Now, you must take your social CRM strategy from a plan to a reality.
Typically, it takes 90 days to implement a business-class private social network. This is a very exciting time for your organization. We guide our customers through the hundreds of decisions that they need to make to bring their strategy to fruition - including planning member or customer segmentation, creating content, integrating backend systems, or importing historical customer discussion data.
For some organizations, this can seem like a lot, especially if your team is executing your social CRM strategy while simultaneously maintaining their other roles in the company.
What do you need to know to make the implementation go as smoothly as possible?
Socious' senior vice president of operation, Scott Balthazor, has implemented private social networking platforms for over 100 for-profit and nonprofit organizations. He says that there are three main pitfalls that companies encounter during the implementation process:
Implementing online community software means that customer or member engagement staff from across your organization have to come together to make decisions €“ from your marketing team to your technology department to your event management professionals. If all of those groups don't have a comfortable understanding of the strategy, know how the initiative will benefit them, and feel empowered during the planning process, you are going to have problems.
It does not matter how great your plan is, how ready your customers or members are, or how powerful your online community platform is. If the people that you rely on to embrace your social CRM strategy during and after its implementation don't share your vision, you are going to experience delays and confusion as you take time to wrangle and re-educate your company on the strategy and tools while the actual implementation is going on.
Most business-class private social networking software companies provide the services to do the full technical implementation for you. For instance, Socious ensures that all of our customer's online communities successfully go live with the best configuration for their goals and in their specific time frame.
However, knowing the software platform and doing the implementation for your company is only part of the equation. There is an array of both big and little decisions that your organization has to make during the implementation process. These range from how you want to integrate existing customer or member data, to which online groups will initially be set up, to which custom fields you want to track in your online community to get more rich insight about your customers.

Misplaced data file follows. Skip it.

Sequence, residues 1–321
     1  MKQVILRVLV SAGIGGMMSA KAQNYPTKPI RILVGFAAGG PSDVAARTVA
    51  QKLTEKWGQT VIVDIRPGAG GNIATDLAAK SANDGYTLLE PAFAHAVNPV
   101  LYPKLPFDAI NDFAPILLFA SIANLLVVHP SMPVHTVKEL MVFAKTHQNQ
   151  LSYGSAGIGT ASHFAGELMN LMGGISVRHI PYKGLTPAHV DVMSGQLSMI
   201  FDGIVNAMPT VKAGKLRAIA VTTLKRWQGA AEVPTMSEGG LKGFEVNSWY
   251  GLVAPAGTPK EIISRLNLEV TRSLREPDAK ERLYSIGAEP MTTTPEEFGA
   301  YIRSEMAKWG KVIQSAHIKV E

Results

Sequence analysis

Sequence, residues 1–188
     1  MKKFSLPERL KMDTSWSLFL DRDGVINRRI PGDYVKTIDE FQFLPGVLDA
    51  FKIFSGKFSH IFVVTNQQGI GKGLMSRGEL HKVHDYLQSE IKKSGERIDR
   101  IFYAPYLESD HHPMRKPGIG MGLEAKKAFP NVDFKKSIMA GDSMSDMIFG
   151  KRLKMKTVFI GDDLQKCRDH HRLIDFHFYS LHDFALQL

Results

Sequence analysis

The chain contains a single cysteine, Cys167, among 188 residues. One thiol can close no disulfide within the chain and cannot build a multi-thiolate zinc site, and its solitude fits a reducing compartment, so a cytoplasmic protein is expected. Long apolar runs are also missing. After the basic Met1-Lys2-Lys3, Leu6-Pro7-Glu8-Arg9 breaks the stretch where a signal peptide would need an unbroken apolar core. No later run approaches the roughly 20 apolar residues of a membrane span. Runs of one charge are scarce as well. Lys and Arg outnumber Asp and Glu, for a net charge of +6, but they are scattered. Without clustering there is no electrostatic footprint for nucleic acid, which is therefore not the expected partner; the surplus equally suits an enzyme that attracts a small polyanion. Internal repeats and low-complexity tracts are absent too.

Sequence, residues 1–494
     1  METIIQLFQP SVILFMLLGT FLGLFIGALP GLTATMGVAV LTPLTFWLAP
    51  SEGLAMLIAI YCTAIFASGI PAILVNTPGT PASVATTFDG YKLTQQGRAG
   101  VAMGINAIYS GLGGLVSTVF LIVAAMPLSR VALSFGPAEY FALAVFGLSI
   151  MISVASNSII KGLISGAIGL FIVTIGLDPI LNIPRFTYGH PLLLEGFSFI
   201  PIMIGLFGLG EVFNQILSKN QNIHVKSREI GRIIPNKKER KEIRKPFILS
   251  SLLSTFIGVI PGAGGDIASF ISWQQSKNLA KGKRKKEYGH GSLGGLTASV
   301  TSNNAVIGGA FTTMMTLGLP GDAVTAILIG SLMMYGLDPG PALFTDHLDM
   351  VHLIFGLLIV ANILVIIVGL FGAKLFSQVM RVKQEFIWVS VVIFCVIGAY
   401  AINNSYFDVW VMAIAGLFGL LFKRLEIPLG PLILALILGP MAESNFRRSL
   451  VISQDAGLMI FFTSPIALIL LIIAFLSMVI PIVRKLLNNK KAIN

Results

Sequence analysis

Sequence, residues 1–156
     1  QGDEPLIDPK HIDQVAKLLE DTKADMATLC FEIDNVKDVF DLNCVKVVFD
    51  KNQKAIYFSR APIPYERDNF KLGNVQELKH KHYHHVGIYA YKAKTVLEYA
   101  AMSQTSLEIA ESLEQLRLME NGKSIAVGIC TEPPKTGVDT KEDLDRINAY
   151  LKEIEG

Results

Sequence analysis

While your online community provider will do the work, businesses and membership organizations run into trouble when they don't have the time to tell their platform provider about their goals, customer relationship management structure, and what they want their online community to do.
Implementing an online community is like managing any large project. Most companies can overcome this pitfall by first understanding the homework load upfront so that people can plan accordingly and appropriately set expectations around the organization. Your online customer community can potentially be launched in less than 30 days, but know that the onus is on your organization to have all of their ducks in a row. Secondly, assign a project lead that has the access and clout in the company to lean on people when decisions need to be made.
For businesses and nonprofits, like associations, that are planning on integrating their online community with backend systems (e.g. CRM or AMS software) or are planning on pre-loading their thousands of members or customers into their new online community platform, it is critical to have someone available who understands, has access to, and can extract that legacy data.
We see organizations in both the corporate and nonprofit arenas that have their strategy and planning process in order, but can't access their customer data in a way that is usable in their online customer community.
If you do lose the person or people in your organization who understand your backend systems and data structures, make sure that you begin finding a replacement resource or consultant to meet that need very early on in the online community planning process. If you neglect this fundamental step, the implementation of your private social network can grind to a halt for weeks while you try to figure out how to access your own data.
Many organizations focus on the strategy and the community management, but neglect to plan for the implementation. However, the implementation process needs just as much focus as the other stages of creating an online customer community. It takes people, dedicated time to think things through and make decisions, and serious deadlines. Start with the tips above to avoid major delays and see the fruits of your labor much sooner.